He spoke to Polish parliamentarians last Friday about trade and co-operation saying the countries could build on their "special" relationship in the 21st century.
"I think being the first and only British MP to have been born in Warsaw brings added responsibility on me to further links between the two countries," he said. "So I come here from time to time to try and build up better relations between the British and Polish parliament.
"We are commemorating in the autumn the 75th anniversary of the ending of the Battle of Britain and the largest foreign contingent in the Battle of Britain was Poland, including my grandfather, for example, so these links stem from that extraordinary collaboration during the Second World War.
"What I also point out to Polish parliamentarians is the extraordinary help that Britain has given Poland, uniquely, during communism and after communism and their entry to the EU.
"So there has been a lot of very good partnership by both sides during the war and right up to this moment in time."
Mr Kawczynski said organisations such as the British Polish Chamber of Commerce were thriving and helping increase bi-lateral trade.
He said: "The BPCC is actually one of the best in Europe and they have had rip-roaring success with working collaboratively with UK Trade and Investment to increase bi-lateral trade.
"The two countries will be brought together, despite our cultural and language barriers, over the coming years because of the sheer scale of trade between us.
"Unfortunately in communist times this country was cut off from Britain by the iron curtain. Now we are living in a free Europe those links and are only going to grow, so I see a massive collaboration between the two countries stemming from this huge bilateral trade."
He said that also benefited Shropshire firms: "Shropshire is doing very well economically and I do help Shropshire firms export to Poland and put them in touch with various opportunities and help them try to export here because our own country's prosperity is very much inextricably linked with our ability to export."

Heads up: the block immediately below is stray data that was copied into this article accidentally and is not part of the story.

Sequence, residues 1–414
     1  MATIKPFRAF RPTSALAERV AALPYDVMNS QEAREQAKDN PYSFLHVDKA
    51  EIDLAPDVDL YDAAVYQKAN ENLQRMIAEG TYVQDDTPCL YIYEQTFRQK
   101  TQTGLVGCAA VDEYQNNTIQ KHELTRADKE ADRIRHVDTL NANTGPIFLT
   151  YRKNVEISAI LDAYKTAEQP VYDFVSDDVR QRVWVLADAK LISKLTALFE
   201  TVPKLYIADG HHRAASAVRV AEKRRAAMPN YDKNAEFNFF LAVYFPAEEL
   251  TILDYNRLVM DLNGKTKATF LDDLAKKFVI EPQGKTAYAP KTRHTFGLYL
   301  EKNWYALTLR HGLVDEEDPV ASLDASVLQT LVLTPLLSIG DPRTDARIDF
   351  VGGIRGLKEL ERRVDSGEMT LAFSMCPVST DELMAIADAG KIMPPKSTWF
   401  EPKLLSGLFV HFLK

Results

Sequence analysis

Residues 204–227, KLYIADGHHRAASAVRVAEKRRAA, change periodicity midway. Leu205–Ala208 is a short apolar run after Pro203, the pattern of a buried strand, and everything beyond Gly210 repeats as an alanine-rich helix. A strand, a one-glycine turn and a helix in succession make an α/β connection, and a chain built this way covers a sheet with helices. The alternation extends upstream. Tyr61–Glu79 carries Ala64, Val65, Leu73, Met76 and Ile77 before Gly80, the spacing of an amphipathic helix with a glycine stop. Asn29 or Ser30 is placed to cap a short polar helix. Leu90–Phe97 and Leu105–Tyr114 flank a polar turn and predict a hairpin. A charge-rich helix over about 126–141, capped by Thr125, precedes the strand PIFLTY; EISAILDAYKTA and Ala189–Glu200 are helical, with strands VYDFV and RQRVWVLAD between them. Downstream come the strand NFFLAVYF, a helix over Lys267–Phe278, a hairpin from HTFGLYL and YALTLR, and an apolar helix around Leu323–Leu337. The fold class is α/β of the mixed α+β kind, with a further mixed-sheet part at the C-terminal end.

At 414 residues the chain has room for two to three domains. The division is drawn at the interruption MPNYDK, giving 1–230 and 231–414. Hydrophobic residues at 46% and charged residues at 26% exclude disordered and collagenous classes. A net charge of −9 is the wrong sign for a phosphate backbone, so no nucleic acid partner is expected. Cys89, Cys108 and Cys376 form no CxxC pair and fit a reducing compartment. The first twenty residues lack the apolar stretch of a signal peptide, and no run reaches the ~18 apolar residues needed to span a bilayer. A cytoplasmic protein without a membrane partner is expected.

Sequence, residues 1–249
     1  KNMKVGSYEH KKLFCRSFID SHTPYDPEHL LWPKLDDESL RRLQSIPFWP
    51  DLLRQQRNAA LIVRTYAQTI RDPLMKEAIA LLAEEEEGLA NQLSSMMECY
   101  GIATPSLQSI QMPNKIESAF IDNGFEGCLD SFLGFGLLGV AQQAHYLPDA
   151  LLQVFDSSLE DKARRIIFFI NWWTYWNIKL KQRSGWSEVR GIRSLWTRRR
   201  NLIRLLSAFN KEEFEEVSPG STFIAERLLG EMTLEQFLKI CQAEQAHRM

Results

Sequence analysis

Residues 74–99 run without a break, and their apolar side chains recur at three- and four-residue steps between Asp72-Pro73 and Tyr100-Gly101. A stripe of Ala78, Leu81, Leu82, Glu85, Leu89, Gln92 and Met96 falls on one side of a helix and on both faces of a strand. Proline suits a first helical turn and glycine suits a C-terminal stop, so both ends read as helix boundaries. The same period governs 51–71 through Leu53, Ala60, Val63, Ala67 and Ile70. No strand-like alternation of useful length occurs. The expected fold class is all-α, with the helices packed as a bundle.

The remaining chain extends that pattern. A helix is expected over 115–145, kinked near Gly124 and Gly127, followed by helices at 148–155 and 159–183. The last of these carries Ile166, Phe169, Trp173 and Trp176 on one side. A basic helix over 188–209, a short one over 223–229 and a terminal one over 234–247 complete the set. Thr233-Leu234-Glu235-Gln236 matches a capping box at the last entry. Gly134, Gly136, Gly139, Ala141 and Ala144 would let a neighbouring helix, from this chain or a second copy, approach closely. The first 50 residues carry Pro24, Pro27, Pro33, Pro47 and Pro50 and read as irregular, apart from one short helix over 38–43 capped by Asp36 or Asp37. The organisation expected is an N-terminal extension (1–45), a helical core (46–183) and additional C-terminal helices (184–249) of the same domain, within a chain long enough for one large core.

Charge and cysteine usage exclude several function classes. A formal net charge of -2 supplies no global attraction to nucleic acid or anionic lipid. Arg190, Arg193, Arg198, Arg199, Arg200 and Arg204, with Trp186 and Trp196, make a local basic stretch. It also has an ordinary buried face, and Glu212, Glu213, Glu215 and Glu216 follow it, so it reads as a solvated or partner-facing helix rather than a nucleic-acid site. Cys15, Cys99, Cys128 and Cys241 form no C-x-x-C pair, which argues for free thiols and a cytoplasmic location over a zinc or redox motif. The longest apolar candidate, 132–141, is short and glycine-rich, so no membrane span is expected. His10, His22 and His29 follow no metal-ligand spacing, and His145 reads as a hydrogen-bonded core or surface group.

He said this relationship could continue whatever the outcome of the upcoming referendum on EU membership.
"I am not one of these people who think that if we leave the EU all the barriers will come up and it will be impossible for us to trade – they will need to trade with us and we will need to trade with them," he added.
"I do think we would lose out politically and lose a lot of influence in Europe if we pulled out but I have a lot of confidence that British exporters will still be able to trade with Poland and other countries no matter what happens."
Mr Kawczynski has previously spoken out against the negative representation of Polish immigrants to the UK since the country joined the EU in 2004 but said the situation was improving.
He added: "Now that communism has fallen you can see here on the streets of Warsaw just how quick the pace is and they are rapidly catching up with western Europe and during the course of my daughter's lifetime I think they will be on par with western Europe and back to where they were which is absolutely fantastic."
And he urged businesses to get in touch. "If any Shropshire firm, business, enterprise or anyone in the education sector, if any Salopian entity would like to find out more about opportunities of exporting to Poland, with the links that we are building here with the Chamber of Commerce and the Government they ought to contact me and we will put them in touch with the appropriate people," he added.